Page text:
Critical Voices: Vampire Weekend, Contra

January 21, 2010

Vampire Weekend came out of nowhere in 2008, writing songs about the Oxford comma, ripping stylistic quirks from Paul Simon, and generating not only an astounding amount of hype, but also haters who found them too uninspiring, too unoriginal, or just too preppy.

Contra, their newest release, should quiet those haters. It’s the sound of a young band coming into its own, fusing the spiky Afro-influenced pop of the debut with ideas very much borne out of modern radio-ready pop.

Contra is a less organic affair than its predecessor, which relied primarily on traditional rock instrumentation. On opener “Horchata,” the band opts for the flair of marimbas and a programmed electro beat. Cheerful synth lines and distorted electronic snares dominate “White Sky” before Koenig busts out a catchy wordless chorus.

On a few songs—“Cousins,” for example, or the excellent “Holiday”—Vampire Weekend tightens things up with precise guitar work and jaunty rhythms. Like their debut’s best track, “A-Punk,” these songs remind us that Vampire Weekend has, at a base level, a gift for fast-paced, simple pop.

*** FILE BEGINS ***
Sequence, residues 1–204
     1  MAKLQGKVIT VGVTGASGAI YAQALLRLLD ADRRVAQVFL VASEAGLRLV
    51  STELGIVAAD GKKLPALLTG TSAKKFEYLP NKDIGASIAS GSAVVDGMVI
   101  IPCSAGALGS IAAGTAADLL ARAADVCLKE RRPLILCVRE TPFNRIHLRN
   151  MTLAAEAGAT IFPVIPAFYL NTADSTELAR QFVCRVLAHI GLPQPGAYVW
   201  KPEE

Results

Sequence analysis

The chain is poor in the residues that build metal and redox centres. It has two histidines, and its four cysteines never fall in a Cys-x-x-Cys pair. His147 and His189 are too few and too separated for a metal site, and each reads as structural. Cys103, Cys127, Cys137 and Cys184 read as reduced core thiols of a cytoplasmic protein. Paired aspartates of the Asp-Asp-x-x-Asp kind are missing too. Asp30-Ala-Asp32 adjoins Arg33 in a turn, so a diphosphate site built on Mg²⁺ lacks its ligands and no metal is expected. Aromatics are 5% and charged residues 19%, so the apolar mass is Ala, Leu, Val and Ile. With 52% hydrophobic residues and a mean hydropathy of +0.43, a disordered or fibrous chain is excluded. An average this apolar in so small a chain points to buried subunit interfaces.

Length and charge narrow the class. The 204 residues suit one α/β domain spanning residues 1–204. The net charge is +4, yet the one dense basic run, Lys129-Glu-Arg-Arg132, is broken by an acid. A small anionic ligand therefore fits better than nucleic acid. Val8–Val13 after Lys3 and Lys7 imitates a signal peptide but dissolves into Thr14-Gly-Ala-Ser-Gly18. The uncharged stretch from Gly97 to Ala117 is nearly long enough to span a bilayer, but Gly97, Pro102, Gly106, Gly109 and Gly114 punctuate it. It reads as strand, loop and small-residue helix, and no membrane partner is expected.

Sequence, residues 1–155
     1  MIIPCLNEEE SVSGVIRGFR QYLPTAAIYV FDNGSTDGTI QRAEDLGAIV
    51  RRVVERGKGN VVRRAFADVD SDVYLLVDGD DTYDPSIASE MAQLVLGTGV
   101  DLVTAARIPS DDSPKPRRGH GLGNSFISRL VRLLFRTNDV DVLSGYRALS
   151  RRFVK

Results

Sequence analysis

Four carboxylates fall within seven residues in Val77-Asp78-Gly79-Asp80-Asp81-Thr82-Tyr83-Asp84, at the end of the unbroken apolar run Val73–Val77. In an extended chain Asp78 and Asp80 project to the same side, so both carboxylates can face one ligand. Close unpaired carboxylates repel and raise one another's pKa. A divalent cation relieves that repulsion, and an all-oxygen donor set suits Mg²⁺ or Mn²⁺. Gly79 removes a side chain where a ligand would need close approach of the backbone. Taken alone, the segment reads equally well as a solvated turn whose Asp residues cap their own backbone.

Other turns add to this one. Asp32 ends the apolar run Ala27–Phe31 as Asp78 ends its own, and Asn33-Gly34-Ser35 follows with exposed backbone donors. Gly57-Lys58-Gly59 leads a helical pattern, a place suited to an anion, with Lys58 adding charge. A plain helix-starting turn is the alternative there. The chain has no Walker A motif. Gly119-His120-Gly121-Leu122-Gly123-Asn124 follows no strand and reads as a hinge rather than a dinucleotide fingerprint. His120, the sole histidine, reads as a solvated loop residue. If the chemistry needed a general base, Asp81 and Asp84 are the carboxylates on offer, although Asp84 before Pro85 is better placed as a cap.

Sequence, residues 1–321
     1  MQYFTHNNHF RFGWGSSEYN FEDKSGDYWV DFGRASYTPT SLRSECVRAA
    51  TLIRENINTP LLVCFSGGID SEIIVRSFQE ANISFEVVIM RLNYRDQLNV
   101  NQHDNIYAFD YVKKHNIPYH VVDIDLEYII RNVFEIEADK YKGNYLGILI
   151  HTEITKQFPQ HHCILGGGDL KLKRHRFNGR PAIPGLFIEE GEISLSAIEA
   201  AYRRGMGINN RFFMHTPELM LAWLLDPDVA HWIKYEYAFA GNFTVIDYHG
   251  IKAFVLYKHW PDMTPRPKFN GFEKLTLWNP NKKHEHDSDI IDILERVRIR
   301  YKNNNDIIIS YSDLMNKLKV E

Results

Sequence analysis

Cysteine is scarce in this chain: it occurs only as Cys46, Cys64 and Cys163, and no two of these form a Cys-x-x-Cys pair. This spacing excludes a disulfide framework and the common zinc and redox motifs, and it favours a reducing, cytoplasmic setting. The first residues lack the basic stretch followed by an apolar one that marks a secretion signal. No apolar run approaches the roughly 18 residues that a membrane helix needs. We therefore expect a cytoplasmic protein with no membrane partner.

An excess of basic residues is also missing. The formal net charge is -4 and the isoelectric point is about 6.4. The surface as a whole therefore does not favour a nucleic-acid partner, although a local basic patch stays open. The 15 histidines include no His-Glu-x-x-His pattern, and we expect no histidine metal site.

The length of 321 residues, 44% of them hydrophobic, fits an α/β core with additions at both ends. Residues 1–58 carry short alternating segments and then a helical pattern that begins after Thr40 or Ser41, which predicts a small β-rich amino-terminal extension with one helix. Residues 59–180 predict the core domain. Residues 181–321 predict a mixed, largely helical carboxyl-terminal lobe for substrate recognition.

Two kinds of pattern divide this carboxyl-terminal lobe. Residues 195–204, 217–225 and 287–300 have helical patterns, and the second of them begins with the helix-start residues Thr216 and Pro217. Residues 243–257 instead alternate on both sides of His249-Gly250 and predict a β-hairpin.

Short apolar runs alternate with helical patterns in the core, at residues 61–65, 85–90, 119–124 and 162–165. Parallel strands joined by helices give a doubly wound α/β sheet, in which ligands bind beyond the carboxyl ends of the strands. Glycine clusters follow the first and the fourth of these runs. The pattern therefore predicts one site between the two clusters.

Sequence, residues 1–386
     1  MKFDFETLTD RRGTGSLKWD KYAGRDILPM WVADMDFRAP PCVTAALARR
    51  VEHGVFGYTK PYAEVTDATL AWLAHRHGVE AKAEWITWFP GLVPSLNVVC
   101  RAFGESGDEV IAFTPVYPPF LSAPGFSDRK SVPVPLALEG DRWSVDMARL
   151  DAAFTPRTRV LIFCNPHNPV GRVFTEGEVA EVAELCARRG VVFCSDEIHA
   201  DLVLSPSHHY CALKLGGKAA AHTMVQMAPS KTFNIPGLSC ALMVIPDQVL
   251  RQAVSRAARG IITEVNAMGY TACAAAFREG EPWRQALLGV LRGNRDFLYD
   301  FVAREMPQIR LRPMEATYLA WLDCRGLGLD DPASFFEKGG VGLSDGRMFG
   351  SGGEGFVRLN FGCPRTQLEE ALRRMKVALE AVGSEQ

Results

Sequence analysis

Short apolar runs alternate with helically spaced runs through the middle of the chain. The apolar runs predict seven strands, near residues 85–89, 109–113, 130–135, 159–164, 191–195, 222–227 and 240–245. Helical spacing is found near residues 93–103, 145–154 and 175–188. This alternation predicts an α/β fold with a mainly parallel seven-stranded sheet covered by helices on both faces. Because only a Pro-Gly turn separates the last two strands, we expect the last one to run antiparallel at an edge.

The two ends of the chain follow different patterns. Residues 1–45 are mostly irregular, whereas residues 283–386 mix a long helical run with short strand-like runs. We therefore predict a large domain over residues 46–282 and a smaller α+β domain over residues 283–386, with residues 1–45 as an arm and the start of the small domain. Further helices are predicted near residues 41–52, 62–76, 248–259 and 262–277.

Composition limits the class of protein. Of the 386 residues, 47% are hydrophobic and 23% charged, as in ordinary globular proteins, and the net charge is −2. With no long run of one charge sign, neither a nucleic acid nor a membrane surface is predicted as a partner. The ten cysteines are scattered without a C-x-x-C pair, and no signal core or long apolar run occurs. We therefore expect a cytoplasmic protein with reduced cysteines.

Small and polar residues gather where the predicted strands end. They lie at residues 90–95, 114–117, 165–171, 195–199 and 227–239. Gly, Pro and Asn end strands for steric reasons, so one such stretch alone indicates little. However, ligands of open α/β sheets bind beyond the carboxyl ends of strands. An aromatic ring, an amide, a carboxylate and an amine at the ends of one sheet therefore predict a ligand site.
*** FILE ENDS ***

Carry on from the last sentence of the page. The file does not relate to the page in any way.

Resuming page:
Yet the band is not afraid to step out from Vampire Weekend’s shadow. On “California English,” Koenig sings with Auto-Tune, on “Diplomat’s Son,” easily the band’s longest song at six minutes, guitarist/producer Rostam Batmanglij samples M.I.A. and indulges in a long narrative about youthful, upper-class rebellion. While excellent songs, anyone clamoring for the simplicity of the band’s debut will prefer tracks like “Run”—which features a Mexican-influenced horn section, countering assertions that Vampire Weekend mines only Afro-pop—and “Giving Up the Gun,” perhaps the band’s most conventional modern rock song.

It’s clear from even a cursory listen of Contra that the band’s members do not want to be pigeonholed. They can write two-minute punk songs or six-minute electro-epics. They can rely on synths or guitars, and they can sound timelessly international or distinctly emblematic of a particular moment in time in New York City. As a result, there’s something for everyone on Contra, and it’s worth a listen, even for those that mocked their debut.

Voice’s Choices: “Cousins,” “Holiday,” “Run”

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